Friday, July 22, 2016

Roman Catholic Church of the Holy Family – San Damiano Mission

Red brick church facade facing southeast
Roman Catholic Church of the Holy Family - San Damiano Mission
Neighborhood: Greenpoint
Address: 21 Nassau Avenue

I often pass this church at night when I work late, miss the ferry home and end up slumming it on the L Train. When I pass it, the lights are usually on and the front interior doors are open, allowing a vibrant glow to emanate from the entrance. The Roman Catholic San Damiano Mission leaders who now run the church have done a good job of making the church seem inviting in an otherwise industrial looking corner of Greenpoint. Every time I walk by I can’t help but want to walk in.


Two story red brick house on church property
Church Rectory
Three story red brick parochial school building on church property
Parochial School
Church History
Slovak immigrants of the Austro-Hungarian monarchy established the Slovak parish of the Roman Catholic Church of the Holy Family in 1905. The congregation first met in the basement of St. Vincent De Paul Church (demolished) on North 4th Street in Williamsburg while their new sanctuary was under construction. Their new house of worship at Nassau Avenue and N 15th Street was completed in 1911. Shortly after moving into their new church, attendance grew to 1,500 parishioners.  In addition, a parochial school fronting Nassau Avenue was added in 1918.  The school closed in 1970 and is now a daycare. In 2011 the Roman Catholic Church of the Holy Family merged with the Church of Saint Anthony of Padua. Then, in 2015, the church became the Roman Catholic San Damiano Mission.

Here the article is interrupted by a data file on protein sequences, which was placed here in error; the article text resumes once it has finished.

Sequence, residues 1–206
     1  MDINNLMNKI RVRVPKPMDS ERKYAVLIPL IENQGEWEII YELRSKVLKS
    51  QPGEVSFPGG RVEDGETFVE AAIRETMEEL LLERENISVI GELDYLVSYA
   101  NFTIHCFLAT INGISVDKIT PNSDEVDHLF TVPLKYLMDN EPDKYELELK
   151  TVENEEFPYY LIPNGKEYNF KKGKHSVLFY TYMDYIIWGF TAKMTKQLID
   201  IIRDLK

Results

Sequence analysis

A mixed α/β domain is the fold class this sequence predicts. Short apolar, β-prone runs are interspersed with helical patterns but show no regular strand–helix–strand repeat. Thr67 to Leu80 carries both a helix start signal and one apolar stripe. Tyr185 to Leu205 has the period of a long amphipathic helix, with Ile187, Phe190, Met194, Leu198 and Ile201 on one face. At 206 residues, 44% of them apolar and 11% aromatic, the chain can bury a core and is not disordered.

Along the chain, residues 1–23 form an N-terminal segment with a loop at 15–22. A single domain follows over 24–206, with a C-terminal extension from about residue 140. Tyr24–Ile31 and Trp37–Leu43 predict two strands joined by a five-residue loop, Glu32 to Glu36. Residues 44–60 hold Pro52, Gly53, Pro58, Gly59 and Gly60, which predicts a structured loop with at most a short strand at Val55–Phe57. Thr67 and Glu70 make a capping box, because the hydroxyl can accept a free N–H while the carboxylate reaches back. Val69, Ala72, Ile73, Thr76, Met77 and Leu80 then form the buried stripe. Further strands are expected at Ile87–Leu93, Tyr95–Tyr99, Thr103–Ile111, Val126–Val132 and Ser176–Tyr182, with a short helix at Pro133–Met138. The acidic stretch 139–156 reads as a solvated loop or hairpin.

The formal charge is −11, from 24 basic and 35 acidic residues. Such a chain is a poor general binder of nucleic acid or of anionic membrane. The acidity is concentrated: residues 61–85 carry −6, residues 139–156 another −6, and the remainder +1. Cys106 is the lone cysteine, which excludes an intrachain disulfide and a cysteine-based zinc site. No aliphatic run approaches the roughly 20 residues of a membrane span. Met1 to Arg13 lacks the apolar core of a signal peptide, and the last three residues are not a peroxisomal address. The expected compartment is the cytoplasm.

Red brick church facade facing north
Roman Catholic Church of the Holy Family - San Damiano Mission
Architecture
The church's design style is Romanesque Revival. The red brick building’s architectural features include a corbeled brick gable, Romanesque arched fenestration, limestone trim and a verdigris dome capped tower. Unfortunately, I can’t find the name of the church's architect.

Sources:
  • Cook, Terry Sacred Havens of Brooklyn Charleston South Carolina: The History Press, 2013